Savannahs and climate change

Photo credit: Nature World News

(Photo : © tellmemore / Fotolia)

Savannahs Help Slow Down Climate Change

By Jenna Iacurci

Savannahs, though they are not jam-packed with carbon-absorbing trees, nonetheless help to slow down climate change, according to a new study.

Tropical rainforests have long been considered Earth’s most important carbon sinks, sequestering large amounts of carbon dioxide (CO2) from the atmosphere and thereby slowing down the increasing greenhouse gas effect. But scientists now report in the journal Science that the vast extensions of semi-arid landscapes – including savannahs and shrublands – actually dominate other global ecosystems in carbon capture.

“Understanding the processes responsible for trends and variability of the carbon cycle, and where they occur, provides insight into the future evolution of the carbon sink in a warmer world and the vital role natural ecosystems may play in accelerating or slowing down human-induced climate change,” Anders Ahlström, from Lund University and Stanford University, who led the study, said in a statement.

That’s not to say that tropical rainforests aren’t crucial in the fight against climate change. These ecosystems are highly productive, and fight carbon even better than we hoped, taking the harmful greenhouse gas from our atmosphere at unprecedented rates. However, the downside is that rainforests are extremely crowded with little room to fit in more photosynthesizing plants that can store carbon. In addition, the typical moist, hot weather conditions are ideal for growth and do not change much from year to year.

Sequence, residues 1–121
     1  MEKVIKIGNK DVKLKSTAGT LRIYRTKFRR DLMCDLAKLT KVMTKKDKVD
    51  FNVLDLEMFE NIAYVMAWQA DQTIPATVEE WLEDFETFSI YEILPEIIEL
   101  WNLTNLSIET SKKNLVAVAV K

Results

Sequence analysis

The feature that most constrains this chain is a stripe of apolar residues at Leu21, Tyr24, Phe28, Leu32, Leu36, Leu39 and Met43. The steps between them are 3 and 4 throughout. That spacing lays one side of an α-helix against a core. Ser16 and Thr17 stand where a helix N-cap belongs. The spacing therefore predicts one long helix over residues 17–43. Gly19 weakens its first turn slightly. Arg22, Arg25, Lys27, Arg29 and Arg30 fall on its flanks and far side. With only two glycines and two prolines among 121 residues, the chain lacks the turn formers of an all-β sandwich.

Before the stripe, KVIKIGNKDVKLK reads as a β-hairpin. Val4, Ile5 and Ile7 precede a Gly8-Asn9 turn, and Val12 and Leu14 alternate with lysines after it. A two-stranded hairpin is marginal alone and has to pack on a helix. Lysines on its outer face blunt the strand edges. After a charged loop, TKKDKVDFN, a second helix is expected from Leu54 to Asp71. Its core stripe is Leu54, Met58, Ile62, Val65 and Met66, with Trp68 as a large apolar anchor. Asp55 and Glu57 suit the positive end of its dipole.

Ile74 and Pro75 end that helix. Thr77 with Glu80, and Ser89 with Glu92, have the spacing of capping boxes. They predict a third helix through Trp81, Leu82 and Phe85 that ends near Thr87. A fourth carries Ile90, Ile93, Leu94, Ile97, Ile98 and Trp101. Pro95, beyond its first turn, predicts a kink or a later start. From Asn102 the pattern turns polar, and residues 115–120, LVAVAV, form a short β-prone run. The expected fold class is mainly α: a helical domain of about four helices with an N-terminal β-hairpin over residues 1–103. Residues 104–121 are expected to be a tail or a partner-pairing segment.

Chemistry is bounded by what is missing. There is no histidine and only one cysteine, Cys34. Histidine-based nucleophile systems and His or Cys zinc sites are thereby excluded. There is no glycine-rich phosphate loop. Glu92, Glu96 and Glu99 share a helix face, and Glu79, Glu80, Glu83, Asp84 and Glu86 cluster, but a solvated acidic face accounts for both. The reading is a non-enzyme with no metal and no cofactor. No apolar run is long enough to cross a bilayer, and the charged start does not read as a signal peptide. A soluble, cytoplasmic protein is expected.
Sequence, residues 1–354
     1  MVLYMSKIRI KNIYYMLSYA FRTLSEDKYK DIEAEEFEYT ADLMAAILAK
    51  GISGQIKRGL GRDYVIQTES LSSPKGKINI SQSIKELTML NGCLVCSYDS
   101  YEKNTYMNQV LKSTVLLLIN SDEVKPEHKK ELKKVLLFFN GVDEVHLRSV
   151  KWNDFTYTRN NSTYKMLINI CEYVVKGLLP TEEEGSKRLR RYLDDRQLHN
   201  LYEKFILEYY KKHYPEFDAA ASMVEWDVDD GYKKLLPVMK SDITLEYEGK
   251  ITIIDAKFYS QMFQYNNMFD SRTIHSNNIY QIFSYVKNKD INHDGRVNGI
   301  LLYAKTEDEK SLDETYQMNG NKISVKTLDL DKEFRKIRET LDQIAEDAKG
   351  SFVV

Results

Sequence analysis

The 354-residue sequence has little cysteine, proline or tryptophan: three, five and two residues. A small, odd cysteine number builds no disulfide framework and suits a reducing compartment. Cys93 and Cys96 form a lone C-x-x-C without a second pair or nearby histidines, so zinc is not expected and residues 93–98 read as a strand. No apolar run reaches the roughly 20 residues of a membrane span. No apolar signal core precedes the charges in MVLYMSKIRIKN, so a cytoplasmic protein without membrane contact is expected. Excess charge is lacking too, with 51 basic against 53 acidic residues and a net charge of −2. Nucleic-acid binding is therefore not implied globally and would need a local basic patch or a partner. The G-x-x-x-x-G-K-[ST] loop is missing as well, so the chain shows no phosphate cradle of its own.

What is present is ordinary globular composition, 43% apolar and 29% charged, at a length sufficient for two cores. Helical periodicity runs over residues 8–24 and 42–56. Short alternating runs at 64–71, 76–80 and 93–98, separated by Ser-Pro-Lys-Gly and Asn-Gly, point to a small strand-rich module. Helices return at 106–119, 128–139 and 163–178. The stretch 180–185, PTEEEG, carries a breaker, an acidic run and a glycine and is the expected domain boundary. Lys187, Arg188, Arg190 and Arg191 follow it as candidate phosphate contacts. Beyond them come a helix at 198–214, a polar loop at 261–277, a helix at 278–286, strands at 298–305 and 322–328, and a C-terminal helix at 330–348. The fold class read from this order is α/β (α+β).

In savannahs, on the other hand, increased productivity actually makes more room for trees whose growing biomass provides a sink, or store, for carbon sequestered from the atmosphere. In addition, savannahs spring to life in wetter years, causing large fluctuations in CO2 uptake between wet and dry years – large enough, in fact, to control the amount of CO2 in the atmosphere.

Read the full article: Nature World News

Appropriate indicators of land-cover modifications

Photo credit: Pixabay

Monitoring land-cover changes in semi-arid regions: remote sensing data and field observations in the Ferlo, Senegal

by A. Diouf and E.F. Lambin


Dryland degradation rarely translates into linear, declining trends in vegetation cover due to interannual climatic variability. Appropriate indicators of land-cover modifications need to be defined for semi-arid regions.

Our hypothesis is that degradation can be measured by:

  • (1) a decrease in the resilience of vegetation to droughts;
  • (2) a decrease in rain-use efficiency; and
  • (3) a modification of floristic composition.

The objective of this paper is to test the relationships between a remotely sensed indicator of vegetation, rainfall data and field measurements of biomass and floristic composition.

The study was based on field measurements of vegetation conditions covering a period of 10 years, in the semi-arid region of the Ferlo in Senegal.

Our results indicate that land-cover modifications in the Ferlo are best measured by changes in rain-use efficiency. No consistent trend in the relative abundance of grass species was visible at the scale of the decade, even on the two sites affected by degradation. Just after a drought, a given increase in rainfall results in less biomass production than is the case for normal years.

Read the full article: Science Direct

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